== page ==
United Methodist Women members are leaders across the church. We need to be working for the good of the whole church and our witness for Jesus Christ and we need to attend to building a strong platform for United Methodist Women into the future. Our members and those who understand and value our work and our history may need to speak up and claim our role in the days ahead. Today I remind you that our work calls for us to equip and support women leaders in our communities and in the church.

We need people serving in General Conference and in annual conferences and on boards and agencies across the church who know about how our Mission Giving affects the world, who know about how national mission institutions leverage our support to build thriving relationships with people in the communities they serve. We need representatives who can speak to the importance of our mission work in our key priority areas and our work to undergird women’s leadership around the world through regional missionaries, women’s desk leaders, scholarship recipients and others, representatives who can lift up the importance of seed grants for cutting-edge work. Think about the grant that we made long ago to End Child Prostitution and Trafficking organization as they began to peel back the cover on what we now call human trafficking. And we need representatives who can see the importance of this sort of exploratory, generative funding, as well as people who can see the importance of funding that’s flexible, addressing the needs of women, children and youth.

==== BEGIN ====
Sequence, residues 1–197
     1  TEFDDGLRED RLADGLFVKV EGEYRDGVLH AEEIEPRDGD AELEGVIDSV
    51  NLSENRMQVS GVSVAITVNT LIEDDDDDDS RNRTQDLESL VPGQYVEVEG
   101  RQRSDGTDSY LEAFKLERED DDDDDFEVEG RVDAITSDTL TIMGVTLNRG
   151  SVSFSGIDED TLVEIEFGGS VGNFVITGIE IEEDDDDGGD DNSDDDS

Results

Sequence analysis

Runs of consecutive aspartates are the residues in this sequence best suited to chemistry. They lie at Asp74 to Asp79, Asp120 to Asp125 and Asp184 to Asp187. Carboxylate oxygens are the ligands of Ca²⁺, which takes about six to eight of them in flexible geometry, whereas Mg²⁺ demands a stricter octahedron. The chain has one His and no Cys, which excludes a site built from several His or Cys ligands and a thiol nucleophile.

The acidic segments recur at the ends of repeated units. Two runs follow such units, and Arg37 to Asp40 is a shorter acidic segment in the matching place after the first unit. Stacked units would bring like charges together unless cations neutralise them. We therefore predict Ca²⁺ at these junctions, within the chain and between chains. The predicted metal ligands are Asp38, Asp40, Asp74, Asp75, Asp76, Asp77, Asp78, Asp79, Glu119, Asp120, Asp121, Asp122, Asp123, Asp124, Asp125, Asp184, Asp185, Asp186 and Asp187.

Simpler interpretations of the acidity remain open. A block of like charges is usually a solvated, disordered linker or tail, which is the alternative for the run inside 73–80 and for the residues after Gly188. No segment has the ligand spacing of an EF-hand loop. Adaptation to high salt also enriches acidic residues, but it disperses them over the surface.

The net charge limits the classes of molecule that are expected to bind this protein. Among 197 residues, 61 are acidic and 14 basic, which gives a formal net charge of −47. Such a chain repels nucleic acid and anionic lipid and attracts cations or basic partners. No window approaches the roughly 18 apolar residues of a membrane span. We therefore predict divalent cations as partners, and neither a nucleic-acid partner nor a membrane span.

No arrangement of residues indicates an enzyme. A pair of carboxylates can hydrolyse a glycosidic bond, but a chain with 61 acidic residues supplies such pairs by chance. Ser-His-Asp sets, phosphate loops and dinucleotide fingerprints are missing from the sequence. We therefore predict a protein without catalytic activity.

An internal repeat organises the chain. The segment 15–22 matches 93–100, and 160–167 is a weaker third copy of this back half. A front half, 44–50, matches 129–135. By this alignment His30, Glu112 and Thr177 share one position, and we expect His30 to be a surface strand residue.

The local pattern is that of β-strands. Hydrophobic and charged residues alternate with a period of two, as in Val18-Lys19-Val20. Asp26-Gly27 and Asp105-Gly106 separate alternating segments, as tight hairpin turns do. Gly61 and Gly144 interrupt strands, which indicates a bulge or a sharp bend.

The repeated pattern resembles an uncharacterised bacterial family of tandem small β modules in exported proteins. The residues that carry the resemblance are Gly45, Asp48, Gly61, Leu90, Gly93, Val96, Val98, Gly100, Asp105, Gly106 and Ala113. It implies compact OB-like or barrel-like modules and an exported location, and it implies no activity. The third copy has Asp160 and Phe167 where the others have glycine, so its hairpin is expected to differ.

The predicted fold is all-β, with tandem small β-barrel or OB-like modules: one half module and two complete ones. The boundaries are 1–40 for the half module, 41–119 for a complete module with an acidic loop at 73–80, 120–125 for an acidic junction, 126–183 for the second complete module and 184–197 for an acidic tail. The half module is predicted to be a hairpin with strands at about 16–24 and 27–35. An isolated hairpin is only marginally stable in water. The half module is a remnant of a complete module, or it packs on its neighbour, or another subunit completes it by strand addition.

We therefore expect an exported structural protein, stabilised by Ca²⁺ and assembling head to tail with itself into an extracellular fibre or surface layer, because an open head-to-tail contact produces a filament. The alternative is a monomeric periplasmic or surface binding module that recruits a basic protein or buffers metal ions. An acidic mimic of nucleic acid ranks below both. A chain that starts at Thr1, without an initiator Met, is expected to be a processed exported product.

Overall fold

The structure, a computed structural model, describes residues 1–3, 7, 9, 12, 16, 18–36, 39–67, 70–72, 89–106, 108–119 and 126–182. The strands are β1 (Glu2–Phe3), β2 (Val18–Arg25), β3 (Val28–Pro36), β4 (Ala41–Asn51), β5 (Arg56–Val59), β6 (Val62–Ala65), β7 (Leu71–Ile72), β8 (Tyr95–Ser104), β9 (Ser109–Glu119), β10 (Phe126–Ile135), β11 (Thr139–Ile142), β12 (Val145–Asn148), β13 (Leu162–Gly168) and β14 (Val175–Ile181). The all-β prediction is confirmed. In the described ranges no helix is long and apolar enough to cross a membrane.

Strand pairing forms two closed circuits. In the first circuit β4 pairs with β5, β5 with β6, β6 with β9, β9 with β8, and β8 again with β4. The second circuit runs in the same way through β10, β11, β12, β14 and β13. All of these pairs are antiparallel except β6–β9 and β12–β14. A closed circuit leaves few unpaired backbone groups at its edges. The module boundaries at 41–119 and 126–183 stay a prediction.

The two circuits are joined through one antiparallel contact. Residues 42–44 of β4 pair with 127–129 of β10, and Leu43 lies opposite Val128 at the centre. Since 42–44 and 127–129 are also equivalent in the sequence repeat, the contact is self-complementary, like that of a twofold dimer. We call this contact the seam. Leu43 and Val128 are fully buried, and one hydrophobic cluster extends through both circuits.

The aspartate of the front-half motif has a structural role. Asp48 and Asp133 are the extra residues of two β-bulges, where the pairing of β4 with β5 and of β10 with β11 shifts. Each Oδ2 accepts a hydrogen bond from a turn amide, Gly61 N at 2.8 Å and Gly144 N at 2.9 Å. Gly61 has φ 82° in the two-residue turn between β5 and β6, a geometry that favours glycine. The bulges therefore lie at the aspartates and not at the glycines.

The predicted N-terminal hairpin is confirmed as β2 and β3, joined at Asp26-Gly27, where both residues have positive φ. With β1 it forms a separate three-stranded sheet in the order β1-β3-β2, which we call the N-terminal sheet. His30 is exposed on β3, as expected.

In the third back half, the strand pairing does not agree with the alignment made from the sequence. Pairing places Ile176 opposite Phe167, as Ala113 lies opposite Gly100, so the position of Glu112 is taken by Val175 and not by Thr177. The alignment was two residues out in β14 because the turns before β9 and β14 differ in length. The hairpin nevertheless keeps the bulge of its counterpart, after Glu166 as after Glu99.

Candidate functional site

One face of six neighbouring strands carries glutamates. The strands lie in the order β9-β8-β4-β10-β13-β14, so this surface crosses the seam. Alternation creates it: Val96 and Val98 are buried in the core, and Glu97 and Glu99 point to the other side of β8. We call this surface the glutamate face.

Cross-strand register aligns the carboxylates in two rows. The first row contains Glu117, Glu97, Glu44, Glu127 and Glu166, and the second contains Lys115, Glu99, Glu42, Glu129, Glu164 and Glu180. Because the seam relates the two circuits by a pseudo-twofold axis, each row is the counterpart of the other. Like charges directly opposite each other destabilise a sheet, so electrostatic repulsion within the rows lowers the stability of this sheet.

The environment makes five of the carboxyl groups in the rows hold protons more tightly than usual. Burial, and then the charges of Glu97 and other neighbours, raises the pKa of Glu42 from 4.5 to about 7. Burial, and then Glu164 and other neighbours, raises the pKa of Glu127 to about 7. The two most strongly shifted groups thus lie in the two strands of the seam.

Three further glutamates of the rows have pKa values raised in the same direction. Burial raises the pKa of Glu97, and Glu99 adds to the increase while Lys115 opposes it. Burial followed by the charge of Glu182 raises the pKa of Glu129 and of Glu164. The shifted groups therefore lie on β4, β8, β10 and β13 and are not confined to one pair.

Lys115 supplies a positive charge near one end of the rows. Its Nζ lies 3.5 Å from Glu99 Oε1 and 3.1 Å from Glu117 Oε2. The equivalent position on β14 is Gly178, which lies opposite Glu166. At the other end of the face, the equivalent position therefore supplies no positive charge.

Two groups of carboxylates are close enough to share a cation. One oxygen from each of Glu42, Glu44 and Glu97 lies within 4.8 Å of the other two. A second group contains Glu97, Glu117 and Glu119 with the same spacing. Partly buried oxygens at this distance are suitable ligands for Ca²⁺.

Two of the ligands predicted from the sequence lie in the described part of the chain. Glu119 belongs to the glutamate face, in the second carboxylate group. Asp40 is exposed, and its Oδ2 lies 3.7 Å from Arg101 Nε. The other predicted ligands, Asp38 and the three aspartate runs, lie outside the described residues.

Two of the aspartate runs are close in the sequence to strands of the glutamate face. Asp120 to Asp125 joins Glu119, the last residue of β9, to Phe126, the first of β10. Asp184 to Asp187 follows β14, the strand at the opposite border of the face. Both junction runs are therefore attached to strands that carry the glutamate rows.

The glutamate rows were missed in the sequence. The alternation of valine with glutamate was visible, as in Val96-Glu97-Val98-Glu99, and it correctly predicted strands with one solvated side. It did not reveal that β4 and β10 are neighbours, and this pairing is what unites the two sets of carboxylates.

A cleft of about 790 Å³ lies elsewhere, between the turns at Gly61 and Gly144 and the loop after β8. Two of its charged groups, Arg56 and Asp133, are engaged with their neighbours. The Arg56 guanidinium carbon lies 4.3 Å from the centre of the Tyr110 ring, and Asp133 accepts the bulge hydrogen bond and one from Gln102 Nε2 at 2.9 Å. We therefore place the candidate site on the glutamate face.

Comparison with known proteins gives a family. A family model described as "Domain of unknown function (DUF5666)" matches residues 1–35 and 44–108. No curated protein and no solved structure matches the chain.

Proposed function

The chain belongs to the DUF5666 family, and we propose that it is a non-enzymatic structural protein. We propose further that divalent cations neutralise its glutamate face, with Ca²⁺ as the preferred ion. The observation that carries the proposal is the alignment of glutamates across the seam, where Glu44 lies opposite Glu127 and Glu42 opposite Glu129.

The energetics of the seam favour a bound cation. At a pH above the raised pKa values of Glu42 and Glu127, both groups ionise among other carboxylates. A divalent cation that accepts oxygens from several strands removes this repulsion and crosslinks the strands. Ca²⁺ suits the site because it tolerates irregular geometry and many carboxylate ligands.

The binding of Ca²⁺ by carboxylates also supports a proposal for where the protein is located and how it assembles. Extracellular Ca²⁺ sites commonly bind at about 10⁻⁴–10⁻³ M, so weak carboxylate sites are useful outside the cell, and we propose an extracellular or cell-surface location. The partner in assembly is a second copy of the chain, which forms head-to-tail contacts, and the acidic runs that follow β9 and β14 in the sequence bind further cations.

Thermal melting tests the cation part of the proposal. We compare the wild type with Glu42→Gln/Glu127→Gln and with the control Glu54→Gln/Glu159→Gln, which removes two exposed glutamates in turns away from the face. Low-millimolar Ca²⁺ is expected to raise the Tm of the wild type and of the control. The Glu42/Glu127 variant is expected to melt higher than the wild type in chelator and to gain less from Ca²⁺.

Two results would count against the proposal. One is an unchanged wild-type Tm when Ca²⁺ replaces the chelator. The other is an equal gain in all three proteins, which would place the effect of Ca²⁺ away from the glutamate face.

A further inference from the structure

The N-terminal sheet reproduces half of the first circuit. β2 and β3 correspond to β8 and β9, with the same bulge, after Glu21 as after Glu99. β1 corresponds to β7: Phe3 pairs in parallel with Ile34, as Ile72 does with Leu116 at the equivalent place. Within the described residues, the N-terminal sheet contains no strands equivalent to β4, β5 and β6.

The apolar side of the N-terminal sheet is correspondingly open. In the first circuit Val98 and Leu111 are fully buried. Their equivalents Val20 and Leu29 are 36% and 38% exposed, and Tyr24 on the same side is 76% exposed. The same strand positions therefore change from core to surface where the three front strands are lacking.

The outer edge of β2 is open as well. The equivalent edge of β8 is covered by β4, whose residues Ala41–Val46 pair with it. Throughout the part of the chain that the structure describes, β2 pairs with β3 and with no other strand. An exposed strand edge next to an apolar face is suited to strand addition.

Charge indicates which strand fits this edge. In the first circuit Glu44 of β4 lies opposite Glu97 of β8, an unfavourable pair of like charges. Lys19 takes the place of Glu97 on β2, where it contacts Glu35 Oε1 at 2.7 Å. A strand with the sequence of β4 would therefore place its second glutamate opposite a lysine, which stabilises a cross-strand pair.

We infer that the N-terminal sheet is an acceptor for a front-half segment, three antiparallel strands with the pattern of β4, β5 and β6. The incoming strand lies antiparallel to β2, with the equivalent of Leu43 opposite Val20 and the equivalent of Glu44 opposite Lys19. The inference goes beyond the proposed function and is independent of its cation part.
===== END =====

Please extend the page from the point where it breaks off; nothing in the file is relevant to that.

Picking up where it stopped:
We can also attest to the importance of long-term partnerships like our participation with Shared Interest, engaging in microfinance and reinvestment in South Africa since the 1980s and now branching out to Mozambique and who we have connected to United Methodist Women there. The ability of the women organized for mission to follow the needs of women, children and youth with our prayers, our energy and our resources is integral to our work.

United Methodist Women, it’s a wonderful opportunity to be able to celebrate our history and to do our part to build the future of United Methodist Women. So let’s do it—let’s celebrate, let’s claim a bold future, let’s invest ourselves in deepening and broadening our sisterhood of grace, and let’s be alert for ways to claim the space where United Methodist Women will operate in a changing church. The future of United Methodist Women is what we make it, with God as our helper. Let’s do it.

Harriett Jane Olson is General Secretary and CEO of United Methodist Women.

Posted or updated: 4/17/2019 12:00:00 AM